Some people noticed the problem when they couldn’t access The Guardian. Others struggled with the New York Times or the UK government’s websites. Others couldn’t buy things Amazon. People started to panic as another global outage struck internet users.
The latest outage, which began just before 11am UK time, appears to have hit Fastly, a content distribution network, or CDN, and knocked out every company that used its services to support their websites. Across the internet, “Error 503 service unavailable” appeared on people’s screens.
Fastly identified the issue within 45 minutes and told the world that “a fix is being implemented”. The sites began to trickle back online soon after.
In less than an hour, a company that most people have never heard of showed how vulnerable our global internet infrastructure is. The vestiges of the internet not affected went into overdrive with speculation. While #cyberattack was trending Twitter, the reality was more prosaic: someone misconfigured a server. “We identified a service configuration that triggered disruptions across our POPs globally and have disabled that configuration, Fastly explained in a tweet. “Our global network is coming back online.”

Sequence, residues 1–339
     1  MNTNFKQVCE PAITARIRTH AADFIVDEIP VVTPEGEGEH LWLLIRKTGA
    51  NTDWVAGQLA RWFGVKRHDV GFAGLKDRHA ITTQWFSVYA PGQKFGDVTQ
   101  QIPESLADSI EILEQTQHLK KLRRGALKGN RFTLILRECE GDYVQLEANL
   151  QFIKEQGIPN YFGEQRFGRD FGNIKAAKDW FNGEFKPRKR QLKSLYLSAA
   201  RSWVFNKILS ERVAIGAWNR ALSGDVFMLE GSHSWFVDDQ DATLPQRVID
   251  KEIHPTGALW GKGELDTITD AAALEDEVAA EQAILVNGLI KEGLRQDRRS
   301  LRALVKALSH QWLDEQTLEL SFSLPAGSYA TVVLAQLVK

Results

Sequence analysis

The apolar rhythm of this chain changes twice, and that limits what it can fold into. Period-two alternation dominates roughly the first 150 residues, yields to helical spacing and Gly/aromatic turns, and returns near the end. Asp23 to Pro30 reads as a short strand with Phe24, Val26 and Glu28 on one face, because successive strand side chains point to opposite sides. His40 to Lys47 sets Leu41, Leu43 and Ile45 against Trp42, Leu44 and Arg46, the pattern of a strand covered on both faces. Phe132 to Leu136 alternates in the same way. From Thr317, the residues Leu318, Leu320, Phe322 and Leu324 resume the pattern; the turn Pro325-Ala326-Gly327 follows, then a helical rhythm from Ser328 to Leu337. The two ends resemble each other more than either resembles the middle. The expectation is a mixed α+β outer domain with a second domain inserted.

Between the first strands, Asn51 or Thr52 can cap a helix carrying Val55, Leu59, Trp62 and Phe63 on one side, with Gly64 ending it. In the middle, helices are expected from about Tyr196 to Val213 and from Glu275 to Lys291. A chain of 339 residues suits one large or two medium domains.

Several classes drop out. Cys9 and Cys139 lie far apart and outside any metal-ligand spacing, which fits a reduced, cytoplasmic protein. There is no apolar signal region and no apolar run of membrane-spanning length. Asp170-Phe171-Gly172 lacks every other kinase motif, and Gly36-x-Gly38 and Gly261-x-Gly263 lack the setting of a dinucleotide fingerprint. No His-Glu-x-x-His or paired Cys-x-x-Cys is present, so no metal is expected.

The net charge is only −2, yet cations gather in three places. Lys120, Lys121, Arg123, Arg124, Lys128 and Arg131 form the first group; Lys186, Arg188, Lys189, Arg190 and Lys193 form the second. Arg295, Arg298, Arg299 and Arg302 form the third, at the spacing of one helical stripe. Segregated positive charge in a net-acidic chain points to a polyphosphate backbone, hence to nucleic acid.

“When you configure your servers, you give them commands. If you tell them something wrong, then it affects potentially all servers at once,” says Christian Kaufmann of Akamai, a competitor – who didn’t want to give specifics about Fastly. This isn’t the first time a configuration error has caused havoc. A 2020 outage at Cloudflare, another key CDN, occurred because of a configuration error, the company confirmed.